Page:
“Hello?” I tried to sound calm. “Yes?” The receptionist responded.

“I have a young hamster, perhaps a month or two old who is having difficulty breathing. Do you take hamsters?”

“Yes, we do. Are you nearby?”

“Um, I’m not sure. I’m new to Seattle.”

“Did something happen to the hamster? Did it fall?”

“I don’t think so…Olivia, did the hamster fall?” I asked her as I held the phone between my ear and shoulder, still rubbing Cheerio’s chest. Olivia shook her head.

“No, I don’t think it was a fall.”

“We are on Stone Way. You can come now and we can take a look… if you think you can make it.” Her tone was foreboding.

“OK. We’ll come right now!” I hung up the phone and gathered Cheerio into the paper towel. “We have to go now!” The kids ran to the car and were buckled in by the time I took my seat, gingerly, giving a few breaths into Cheerio’s mouth before I nestled her between my legs and set off, rubbing her chest with one finger while I steered with the other hand. Her breathing had changed and was now more shallow. Her small body seemed stiff.

“Oh, God, I hope we make it.” The kids were both still wailing in the back seat.

“Hurry!” Olivia yelled.

Before I had even gotten a block away from the house, Cheerio let out a great shudder and then was completely still.

“Oh no.” I couldn’t suppress my moan. I pulled the car over and turned around in my seat.

“What?” Olivia yelled. “Why are we pulling over?”

“I’m so sorry honey. Cheerio didn’t make it.”

Tears were streaming down all of our faces as I turned the car around and slowly made our way back to the house. Olivia put Cheerio into the box she had arrived in from the pet store and I went to the garage to find the shovel. In the dark, under the Camilla tree, I dug a hole, cursing myself for agreeing to such a stupid bribe. Olivia, still weeping, placed the box in the hole. “Do you want to say something about Cheerio?” Olivia shook her head. “OK. I will then. Well, uh, Cheerio, you were a good hamster for the short time we knew you. We really loved you a lot and we are sorry you are gone. We will miss you.”

I put the kids to bed, all of us crying. Somehow this new loss was affecting us deeply. Although four years had gone by since Arron’s death, small things could still set us back. Like the death of a hamster. I lay in bed that night still crying hours later, my scar of grief re-opened by the death of this tiny animal. I feared how this new loss might affect the kids, frightened that the joy of our new home would be lost in more grief. Our fresh start was marred.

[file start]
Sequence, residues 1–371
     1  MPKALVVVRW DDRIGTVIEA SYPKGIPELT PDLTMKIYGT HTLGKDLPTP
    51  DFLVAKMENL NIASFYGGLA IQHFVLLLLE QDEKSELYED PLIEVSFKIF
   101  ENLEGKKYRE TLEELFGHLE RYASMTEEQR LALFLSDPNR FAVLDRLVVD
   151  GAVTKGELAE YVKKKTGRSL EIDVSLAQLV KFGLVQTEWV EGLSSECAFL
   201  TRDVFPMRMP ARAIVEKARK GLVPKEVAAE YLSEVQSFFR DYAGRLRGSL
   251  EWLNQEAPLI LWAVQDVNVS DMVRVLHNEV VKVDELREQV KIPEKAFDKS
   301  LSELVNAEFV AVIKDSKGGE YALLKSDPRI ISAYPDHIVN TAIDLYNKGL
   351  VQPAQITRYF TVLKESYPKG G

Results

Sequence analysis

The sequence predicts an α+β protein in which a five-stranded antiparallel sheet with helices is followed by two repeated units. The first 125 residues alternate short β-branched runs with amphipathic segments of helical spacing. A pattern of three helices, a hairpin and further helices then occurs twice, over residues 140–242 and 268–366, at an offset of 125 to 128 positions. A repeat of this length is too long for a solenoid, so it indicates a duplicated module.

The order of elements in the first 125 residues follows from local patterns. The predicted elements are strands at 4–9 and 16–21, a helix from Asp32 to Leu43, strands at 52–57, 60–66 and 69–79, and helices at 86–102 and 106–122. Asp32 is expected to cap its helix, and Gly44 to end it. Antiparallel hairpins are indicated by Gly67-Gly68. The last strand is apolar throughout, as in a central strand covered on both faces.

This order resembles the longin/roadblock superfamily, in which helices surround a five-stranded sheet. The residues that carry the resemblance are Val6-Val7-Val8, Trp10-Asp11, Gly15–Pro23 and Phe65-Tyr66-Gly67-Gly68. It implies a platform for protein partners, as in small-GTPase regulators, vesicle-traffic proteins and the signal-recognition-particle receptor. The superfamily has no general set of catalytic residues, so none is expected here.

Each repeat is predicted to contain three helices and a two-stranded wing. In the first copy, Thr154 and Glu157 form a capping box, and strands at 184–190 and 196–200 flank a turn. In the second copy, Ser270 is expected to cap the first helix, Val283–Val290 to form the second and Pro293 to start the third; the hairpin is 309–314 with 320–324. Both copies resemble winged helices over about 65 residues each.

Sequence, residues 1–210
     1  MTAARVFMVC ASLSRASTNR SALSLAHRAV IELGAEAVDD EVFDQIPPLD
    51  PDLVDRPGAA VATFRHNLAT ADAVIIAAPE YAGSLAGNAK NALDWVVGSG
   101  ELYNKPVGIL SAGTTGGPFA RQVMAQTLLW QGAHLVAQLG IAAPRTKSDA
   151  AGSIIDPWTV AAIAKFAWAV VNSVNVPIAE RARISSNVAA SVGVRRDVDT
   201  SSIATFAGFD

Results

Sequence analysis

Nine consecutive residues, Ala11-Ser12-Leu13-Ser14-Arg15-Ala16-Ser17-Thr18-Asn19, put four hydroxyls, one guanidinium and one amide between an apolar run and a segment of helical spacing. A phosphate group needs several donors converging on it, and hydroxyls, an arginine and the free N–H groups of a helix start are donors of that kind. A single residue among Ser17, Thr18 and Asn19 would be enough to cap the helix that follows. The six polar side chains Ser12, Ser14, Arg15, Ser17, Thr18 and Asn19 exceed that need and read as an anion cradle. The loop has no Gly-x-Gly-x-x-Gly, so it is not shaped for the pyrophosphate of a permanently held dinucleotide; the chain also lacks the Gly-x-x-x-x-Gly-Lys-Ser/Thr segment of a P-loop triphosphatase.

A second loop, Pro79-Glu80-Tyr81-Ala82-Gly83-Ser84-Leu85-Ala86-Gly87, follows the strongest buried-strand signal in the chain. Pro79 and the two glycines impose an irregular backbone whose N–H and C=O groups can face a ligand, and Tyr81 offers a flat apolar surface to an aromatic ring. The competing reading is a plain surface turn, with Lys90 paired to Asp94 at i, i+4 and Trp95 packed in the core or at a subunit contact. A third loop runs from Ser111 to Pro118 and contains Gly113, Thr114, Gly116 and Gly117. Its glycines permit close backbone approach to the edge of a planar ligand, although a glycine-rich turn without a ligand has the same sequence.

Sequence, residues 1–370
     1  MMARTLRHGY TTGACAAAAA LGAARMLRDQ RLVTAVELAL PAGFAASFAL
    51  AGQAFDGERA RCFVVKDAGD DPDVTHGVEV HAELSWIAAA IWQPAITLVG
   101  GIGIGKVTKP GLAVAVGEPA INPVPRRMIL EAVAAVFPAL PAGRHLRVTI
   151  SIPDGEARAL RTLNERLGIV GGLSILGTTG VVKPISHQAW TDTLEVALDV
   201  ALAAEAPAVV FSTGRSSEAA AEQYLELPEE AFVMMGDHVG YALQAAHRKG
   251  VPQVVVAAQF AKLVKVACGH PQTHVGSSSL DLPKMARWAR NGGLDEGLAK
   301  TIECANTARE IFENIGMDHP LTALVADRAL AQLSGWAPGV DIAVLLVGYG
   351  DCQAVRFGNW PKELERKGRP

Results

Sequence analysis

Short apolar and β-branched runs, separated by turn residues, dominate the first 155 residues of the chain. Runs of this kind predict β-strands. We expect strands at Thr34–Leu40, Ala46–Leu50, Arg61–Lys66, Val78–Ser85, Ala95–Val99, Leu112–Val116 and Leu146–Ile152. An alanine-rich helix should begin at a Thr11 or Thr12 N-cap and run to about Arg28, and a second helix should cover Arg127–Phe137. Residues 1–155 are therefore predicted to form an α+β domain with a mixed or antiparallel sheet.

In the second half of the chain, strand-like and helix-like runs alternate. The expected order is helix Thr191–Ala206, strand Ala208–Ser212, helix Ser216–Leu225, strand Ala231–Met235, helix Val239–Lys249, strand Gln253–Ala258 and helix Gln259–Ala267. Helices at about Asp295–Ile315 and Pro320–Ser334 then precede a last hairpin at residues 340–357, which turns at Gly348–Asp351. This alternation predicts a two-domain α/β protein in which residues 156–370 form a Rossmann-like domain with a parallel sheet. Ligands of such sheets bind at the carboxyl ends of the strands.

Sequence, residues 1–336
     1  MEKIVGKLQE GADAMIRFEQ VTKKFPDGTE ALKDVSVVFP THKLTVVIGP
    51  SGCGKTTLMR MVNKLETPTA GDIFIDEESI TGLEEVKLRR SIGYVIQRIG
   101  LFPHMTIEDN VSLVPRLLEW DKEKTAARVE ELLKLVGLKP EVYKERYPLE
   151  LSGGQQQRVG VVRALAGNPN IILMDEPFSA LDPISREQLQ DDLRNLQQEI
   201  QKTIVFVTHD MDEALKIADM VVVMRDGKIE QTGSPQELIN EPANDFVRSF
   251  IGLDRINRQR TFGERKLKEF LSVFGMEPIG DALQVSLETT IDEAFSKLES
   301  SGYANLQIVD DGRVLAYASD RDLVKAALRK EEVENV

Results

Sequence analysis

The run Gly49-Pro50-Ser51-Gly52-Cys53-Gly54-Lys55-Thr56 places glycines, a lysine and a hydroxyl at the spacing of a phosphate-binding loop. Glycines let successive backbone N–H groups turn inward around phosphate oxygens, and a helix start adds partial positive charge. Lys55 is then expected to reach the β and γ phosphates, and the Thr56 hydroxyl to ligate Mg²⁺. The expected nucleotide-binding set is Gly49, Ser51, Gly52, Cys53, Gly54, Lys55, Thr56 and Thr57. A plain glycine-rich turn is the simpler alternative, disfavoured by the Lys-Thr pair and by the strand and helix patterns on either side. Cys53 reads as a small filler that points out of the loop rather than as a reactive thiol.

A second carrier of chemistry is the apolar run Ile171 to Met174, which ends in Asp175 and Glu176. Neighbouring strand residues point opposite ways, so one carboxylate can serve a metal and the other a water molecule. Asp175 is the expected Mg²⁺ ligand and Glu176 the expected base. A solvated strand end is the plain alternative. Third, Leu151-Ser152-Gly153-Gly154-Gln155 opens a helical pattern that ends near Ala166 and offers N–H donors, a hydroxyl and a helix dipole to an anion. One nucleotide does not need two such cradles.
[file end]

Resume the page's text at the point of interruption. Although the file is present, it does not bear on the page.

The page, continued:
The next day, I tried to get to the bottom of Cheerio’s mysterious demise. I shed my scrubs and became a detective.

“Olivia, what did Cheerio eat yesterday when you were outside? Did you give her anything weird?”

“No, Mama. Just grass and stuff. Oh, and some berries.”

“Berries?” I tried not to sound alarmed. “What kind of berries?”

“Well, there were the black ones, the ones on the steps…”

“Can you show me?” Olivia led me to our kitchen path where the Mountain Laurel was just about to shed its annual deluge of black fruit. As far as I knew they weren’t poisonous. “OK. Anything else?”

“Yes. She ate the red berries too.”

“What red berries?” This time Olivia led me to a tall hedge near the house, where sticking out of the shrubbery were a group of succulent tiny red berries, looking gloriously delicious, I imagined, to a 10 year old.

“Oh, sweetie. Did Cheerio eat some of these?”

“Yes, I thought she would like them!”

“Mousie, these are Deadly Nightshade berries. These are what killed Cheerio. Please know that you must never ever eat these berries or let any animal eat them either. The good news is that it wasn’t you who ate them. They could have made you extremely sick.” Olivia was crying now.

“Oh Mommy. I didn’t know! I thought Cheerio would like them!” I bent down to hug her.

“I know sweetie. I am so sorry you had to learn this lesson the hard way. But it’s a lesson you will never forget!”

We hugged for a while and then she went off to play in her room. An hour later she came and cuddled on my lap as I unpacked a box of books.

“Mommy?” Olivia said carefully.

“Yes, sweetie?” I was expecting some more sad thoughts about Cheerio.

“Can we go and get another hamster today?”

previous article next article

Featured Articles

More Articles »

Valuable Reading

More Valuable Reading »